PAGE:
Odder and odder. What Jack found in the mailbox wasn't encouraging, either--evidently, no one had retrieved the mail in more than two weeks. The box, normally empty, was stuffed almost full. Leafing through the junk mail, Jack found his overnight-postage letter to Crowley, unopened, with the protective amulet still inside. He cast it aside with a muttered curse. So much for his warning.

Jack took the gravel drive in his chair with practiced ease and tugged the front door open a crack, barely wide enough to wheel himself inside. The foyer was deserted, lamps and fireplace unlit even though it was more night than evening. Breathing in the silence, Jack heard nothing to announce Dracan or Crowley's presence.

"Ammanor," he whispered. "Nal'chez. Desrigala. Attend me." He couldn't reach out with his mind, but his daemons should have come when called from anywhere within the grounds. None answered. Jack's lips tightened into a grimace. He truly was alone.

He'd been a fool to bring Beth here. He should have left her safe at the airport. Except that Jack knew she'd never consent to wait behind for him. He'd be lucky if, even now, she wasn't scaling the gates. The thought of that, and the urgency behind it, spurred him to wheel into the main hall, even though he suspected a trap. Even without the Art, his intuition screamed at him; something was very wrong.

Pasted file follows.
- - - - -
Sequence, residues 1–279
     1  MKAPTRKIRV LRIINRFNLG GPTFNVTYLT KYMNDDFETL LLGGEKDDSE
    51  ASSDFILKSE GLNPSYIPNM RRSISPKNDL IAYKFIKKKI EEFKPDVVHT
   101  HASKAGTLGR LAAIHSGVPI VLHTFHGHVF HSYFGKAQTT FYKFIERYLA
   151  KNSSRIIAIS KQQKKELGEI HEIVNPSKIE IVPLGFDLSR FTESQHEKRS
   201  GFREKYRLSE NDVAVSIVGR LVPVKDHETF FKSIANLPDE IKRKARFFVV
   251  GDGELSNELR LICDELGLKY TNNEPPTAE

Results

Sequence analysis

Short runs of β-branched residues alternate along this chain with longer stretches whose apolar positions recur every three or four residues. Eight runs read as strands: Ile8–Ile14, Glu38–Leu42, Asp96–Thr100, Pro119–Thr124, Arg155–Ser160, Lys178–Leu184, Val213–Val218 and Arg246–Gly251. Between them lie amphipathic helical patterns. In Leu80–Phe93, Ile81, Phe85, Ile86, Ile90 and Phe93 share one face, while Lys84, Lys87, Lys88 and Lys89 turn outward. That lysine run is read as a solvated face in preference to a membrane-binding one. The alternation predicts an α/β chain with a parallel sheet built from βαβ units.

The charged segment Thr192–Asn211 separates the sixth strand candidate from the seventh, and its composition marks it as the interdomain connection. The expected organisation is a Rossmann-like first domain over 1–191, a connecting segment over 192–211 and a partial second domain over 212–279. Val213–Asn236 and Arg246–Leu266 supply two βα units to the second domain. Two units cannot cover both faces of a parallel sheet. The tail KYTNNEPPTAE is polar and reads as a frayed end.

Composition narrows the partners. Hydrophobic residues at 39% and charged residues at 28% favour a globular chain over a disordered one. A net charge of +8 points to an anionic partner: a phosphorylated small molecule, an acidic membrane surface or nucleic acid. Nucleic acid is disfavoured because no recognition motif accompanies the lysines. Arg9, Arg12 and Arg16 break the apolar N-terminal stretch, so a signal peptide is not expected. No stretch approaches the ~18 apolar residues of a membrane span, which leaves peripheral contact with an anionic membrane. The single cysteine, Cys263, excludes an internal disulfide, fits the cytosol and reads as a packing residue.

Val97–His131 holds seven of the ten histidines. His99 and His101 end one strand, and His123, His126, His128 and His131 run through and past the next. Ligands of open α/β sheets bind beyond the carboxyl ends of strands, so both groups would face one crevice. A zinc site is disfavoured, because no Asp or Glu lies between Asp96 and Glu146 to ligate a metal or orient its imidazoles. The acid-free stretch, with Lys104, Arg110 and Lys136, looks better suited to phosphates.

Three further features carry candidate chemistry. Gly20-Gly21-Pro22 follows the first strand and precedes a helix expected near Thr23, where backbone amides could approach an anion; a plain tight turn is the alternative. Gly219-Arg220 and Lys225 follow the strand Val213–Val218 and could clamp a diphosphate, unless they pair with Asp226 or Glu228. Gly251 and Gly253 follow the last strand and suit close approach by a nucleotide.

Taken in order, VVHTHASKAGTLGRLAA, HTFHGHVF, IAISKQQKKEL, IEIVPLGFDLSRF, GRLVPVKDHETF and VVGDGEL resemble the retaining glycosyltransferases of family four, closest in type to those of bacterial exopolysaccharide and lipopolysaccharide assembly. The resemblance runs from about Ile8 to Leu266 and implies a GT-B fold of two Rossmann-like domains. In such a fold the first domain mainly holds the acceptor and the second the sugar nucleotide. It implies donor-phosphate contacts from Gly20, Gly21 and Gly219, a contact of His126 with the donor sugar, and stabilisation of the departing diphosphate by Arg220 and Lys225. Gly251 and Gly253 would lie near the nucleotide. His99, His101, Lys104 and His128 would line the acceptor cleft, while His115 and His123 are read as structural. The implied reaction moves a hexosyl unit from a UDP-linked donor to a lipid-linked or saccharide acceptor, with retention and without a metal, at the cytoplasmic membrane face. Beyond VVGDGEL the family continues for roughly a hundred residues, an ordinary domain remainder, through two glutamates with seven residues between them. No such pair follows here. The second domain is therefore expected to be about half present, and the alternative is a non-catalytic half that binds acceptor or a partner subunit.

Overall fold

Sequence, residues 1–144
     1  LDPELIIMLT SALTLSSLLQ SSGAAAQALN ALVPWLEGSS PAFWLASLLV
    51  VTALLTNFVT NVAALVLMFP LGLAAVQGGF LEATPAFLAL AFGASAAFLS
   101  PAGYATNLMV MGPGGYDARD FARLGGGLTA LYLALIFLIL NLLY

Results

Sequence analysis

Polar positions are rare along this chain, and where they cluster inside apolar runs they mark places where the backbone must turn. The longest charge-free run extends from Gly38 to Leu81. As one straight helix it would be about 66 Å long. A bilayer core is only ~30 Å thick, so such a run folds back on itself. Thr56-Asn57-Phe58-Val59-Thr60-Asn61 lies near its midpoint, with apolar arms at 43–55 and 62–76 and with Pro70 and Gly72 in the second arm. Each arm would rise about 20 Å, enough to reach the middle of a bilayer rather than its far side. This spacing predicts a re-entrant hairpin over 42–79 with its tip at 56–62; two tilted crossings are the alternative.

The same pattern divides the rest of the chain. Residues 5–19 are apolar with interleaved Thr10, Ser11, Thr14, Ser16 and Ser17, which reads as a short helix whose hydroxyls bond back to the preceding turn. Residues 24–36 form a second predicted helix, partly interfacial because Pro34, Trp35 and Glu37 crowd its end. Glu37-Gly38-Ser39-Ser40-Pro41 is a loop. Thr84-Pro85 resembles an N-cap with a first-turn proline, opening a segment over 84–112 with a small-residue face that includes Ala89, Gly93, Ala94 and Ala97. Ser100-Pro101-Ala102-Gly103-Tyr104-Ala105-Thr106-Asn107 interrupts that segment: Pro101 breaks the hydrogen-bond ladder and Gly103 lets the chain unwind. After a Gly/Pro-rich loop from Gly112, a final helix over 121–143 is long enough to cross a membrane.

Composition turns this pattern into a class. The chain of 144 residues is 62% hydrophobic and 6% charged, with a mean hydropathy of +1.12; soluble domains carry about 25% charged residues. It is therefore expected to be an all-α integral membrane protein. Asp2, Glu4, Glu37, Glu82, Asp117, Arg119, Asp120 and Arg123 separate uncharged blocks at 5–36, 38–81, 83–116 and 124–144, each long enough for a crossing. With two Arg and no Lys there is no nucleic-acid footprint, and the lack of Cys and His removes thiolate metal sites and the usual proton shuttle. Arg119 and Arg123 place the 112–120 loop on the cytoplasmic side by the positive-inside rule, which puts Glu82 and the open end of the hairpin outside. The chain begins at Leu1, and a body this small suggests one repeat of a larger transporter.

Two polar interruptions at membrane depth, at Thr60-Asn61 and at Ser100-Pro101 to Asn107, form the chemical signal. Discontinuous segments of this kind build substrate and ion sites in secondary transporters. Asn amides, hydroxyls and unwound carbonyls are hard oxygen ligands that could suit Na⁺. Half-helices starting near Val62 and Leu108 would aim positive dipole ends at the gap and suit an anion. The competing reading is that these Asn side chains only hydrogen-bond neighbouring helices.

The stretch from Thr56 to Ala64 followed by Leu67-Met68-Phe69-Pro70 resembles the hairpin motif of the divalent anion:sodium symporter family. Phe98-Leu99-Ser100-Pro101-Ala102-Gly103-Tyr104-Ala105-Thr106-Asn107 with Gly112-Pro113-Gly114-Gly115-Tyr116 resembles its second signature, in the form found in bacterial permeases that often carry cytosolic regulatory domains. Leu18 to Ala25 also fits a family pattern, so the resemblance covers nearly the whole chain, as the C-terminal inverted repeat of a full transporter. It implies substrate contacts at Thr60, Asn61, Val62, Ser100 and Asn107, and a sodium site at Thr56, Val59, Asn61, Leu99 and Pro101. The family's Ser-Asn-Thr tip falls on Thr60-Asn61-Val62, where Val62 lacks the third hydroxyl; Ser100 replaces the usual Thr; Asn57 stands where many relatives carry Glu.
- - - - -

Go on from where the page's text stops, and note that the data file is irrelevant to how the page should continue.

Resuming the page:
As soon as the chair hit the threshold, it stopped moving. Jack couldn't feel the Art anymore, but he knew the spell, and didn't bother struggling with locked wheels and seat. A Master such as Dracan could have stopped a flying airplane with the Art, held it suspended in midair. Instead, he half-turned in the chair, preparing to face his lost brother, but the words he'd prepared slipped from his lips in a tangled jumble.

"Oh, no," emerged instead, a choked denial barely louder than a whisper. "My God. Not even you could go so far, Dracan."

His fellow Master, thinner and paler than Jack remembered him a month ago, stood flanked by two men Jack sincerely wished he didn't remember. Two creatures. He'd never seen a zombie, but he was familiar with the theory and the spells. Two bodies, upright and animated, stood beside the living man.

One corpse was too fresh for the stink of death, only a day or two old, and Jack's heart tightened in grief at the sight of Marcus' pallid, frozen face and lifeless eyes. His intestines bulged from a bloodless gash that had ripped through clothing and flesh, and his eyes wept from open, red sores, as though he'd scratched and torn at the skin before death with the intention of ripping his eyeballs free from their sockets. The other zombie was almost too decayed to recognize, mostly bones wrapped in loose scraps of rotting flesh, and it filled the hall with stench. Jack, coughing despite himself, couldn't manage more than a brief glance at the half-skeletal face before looking away. Rotten or not, he recognized McClellan all too well--the sweet old man who'd seen him through his apprenticeship and decades of Masterhood, who'd been a favorite uncle and trusted friend. "Damn you."

"You don't like the new pets?" Dracan raised a languid hand to caress Marcus' limp gray hair. The zombie didn't react. "Odd. You were always so fond of the servants when they were alive."

Jack's hands fisted on the arms of his chair with the effort to remain civil. He couldn't win a fight--Dracan needed to be reasoned with. "Dracan, where is Crowley?"